Where | Mirissa beach
Where to stay in Mirissa | Search and book Mirissa beach accommodation here
How to get to Coconut Tree Hill, Mirissa | Walk along the Matara Rd out of Mirissa until you reach Maison D’hotes Sanda Beach.
From there, follow the path on your right and you’ll come to a gate, from which you should be able to walk directly to the palm trees.
#13 - Royal Botanical Gardens of Peradeniya near Kandy
We're huge fans of sprawling city parks, and the Royal Botanic Gardens of Peradeniya in Kandy are amongst the best we've visited anywhere in the world.
Formerly reserved exclusively for Kandyan Royals and with a history dating back to 1371, Peradeniya was turned into botanical gardens in 1821 at the behest of the British. The gardens are now home to over 10,000 trees spread across 60 hectares (the largest garden in the country), showcasing all of Sri Lanka’s flora and species from around the tropical world, including their famous orchid collection.
We definitely recommend visiting the impressive and insta-worthy avenue of royal palms; a beautiful tree-lined pathway on the interior of the gardens. The unique and otherworldly Cannonball tree, planted by King George and Queen Mary during their visit in 1901, is another must-see on your garden strolls.
The gardens and its lawns are a great way to escape the hustle, bustle and fierce heat of Kandy’s streets, and are definitely our favourite place to visit in Kandy.
Where | Royal Botanical Gardens of Peradeniya, Kandy
Cost | LKR 1,500 per person entry
Where to stay in Kandy | Search and book accommodation in Kandy here
How to get to Royal Botanical Gardens of Peradeniya | You can hire a tuk tuk to the gardens for around LKR 400 or include the gardens in a Kandy day tour itinerary. A cheaper alternative is the #644 bus from the Kandy Clock Tower, which will take you directly to the garden for around LKR 20.
Read more | Our guide to the best things to do in Kandy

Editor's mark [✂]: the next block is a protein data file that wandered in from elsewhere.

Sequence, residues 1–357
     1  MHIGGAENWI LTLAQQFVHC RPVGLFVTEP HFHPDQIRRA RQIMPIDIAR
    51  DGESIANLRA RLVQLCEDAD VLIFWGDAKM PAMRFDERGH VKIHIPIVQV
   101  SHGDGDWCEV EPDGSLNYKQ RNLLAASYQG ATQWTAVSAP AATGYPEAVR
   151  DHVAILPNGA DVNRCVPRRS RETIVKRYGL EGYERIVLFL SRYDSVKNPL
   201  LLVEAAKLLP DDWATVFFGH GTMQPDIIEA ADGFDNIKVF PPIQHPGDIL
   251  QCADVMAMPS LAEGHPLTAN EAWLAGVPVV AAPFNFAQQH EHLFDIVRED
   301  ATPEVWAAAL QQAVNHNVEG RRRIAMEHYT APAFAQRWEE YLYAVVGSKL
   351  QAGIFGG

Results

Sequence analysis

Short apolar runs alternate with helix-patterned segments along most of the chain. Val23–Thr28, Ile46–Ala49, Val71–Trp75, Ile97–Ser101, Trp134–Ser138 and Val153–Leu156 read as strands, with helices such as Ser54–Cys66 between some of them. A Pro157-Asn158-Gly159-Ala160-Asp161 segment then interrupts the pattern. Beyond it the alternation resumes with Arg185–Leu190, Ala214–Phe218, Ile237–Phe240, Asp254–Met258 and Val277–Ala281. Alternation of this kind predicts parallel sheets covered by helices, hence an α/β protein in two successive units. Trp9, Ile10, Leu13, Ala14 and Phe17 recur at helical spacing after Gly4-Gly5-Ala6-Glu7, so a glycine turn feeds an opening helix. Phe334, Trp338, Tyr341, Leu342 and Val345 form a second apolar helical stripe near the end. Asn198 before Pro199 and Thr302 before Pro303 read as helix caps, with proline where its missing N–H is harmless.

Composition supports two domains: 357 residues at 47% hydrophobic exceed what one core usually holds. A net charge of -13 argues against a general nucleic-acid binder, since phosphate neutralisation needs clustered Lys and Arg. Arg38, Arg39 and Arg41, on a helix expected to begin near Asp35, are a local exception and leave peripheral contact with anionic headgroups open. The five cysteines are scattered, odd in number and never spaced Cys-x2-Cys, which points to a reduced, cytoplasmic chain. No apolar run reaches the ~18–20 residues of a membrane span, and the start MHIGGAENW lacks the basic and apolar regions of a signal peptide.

Sri Lanka’s cultural capital | Our guide to Kandy
#14 - Chill and surf at Hiriketiya Beach
After a long and sweaty three hour tuk-tuk ride from Unawatuna, we arrived into Hiriketiya Bay on the southern coast of Sri Lanka not sure what to expect. It was love at first sight.
Palm-fringed golden sands, surfers carving up sweet left-handers, cool cafes serving up incredibly fresh brunch worthy of any Melbourne cafe; this was a place so beautiful, so peaceful, and so perfect that we knew we'd definitely arrived in heaven.
What was once a sleepy hidden gem on Sri Lanka’s south coast with little more than a few wooden huts is fast becoming the ‘it’ place for digital nomads and their acai bowls, bronzed surfers riding waves all day long, and salty-haired wanderers chilling into a new level of zen. There are surf shops that wouldn’t look out of place in any cool coastal town, beachside bars serving up cocktails from mason jars, and even a co-working space, (one of the first in Sri Lanka) has popped up in recent years.
Despite all this progress, Hiriketiya still manages to be the kind of place where thick jungle meets the sea and time becomes totally irrelevant - and we absolutely love it for that.
Where | Hiriketiya Beach
Where to stay in Hiriketiya | Search and book Hiriketiya accommodation here
Read more | Our ultimate guide to Hiriketiya
Where jungle meets the sea: our guide to Hiriketiya, Sri Lanka
#15 - Hike to the summit of Pidurangala Rock for sunrise
While there's no doubting Sigiriya's astounding beauty, historical significance, and dramatic features, at USD $30pp, it can be a little expensive for those on a strict budget.
Fortunately, Pidurangala rock, located adjacent to Sigiriya, provides equally epic views of the surrounding area, a historic cave complex of its own, a tenth of the crowds, and the most incredible view overlooking the famous Sigiriya rock.
Hiking Pidurangala rock for sunrise has become something of a right of passage for backpackers visiting Sri Lanka, and we definitely recommend waking up early for this - it's a truly magical experience. If you're looking to do both Pidurangala and Sigiriya, we recommend hiking Pidurangala for sunrise and summiting Sigiriya for sunset.
We stayed in a treehouse at Back of Beyond Pidurangala, a sustainable eco-lodge in the heart of the national park and only two minutes walk from the beginning of the Pidurangala hike. We definitely recommend staying here if you’re looking for a unique experience in the Sigiriya/Pidurangala area!
Where | Pidurangala Rock, Sigiriya
Cost | LKR 500 per person
Where to stay in Pidurangala | Book Back of Beyond Pidurangala here
CULTURAL | The best things to do in Sri Lanka
#16 - Explore the ancient rock fortress of Sigiriya
Often referred to as the eighth wonder of the world, Sigiriya is one of the 'must see' places on any Sri Lankan bucket list.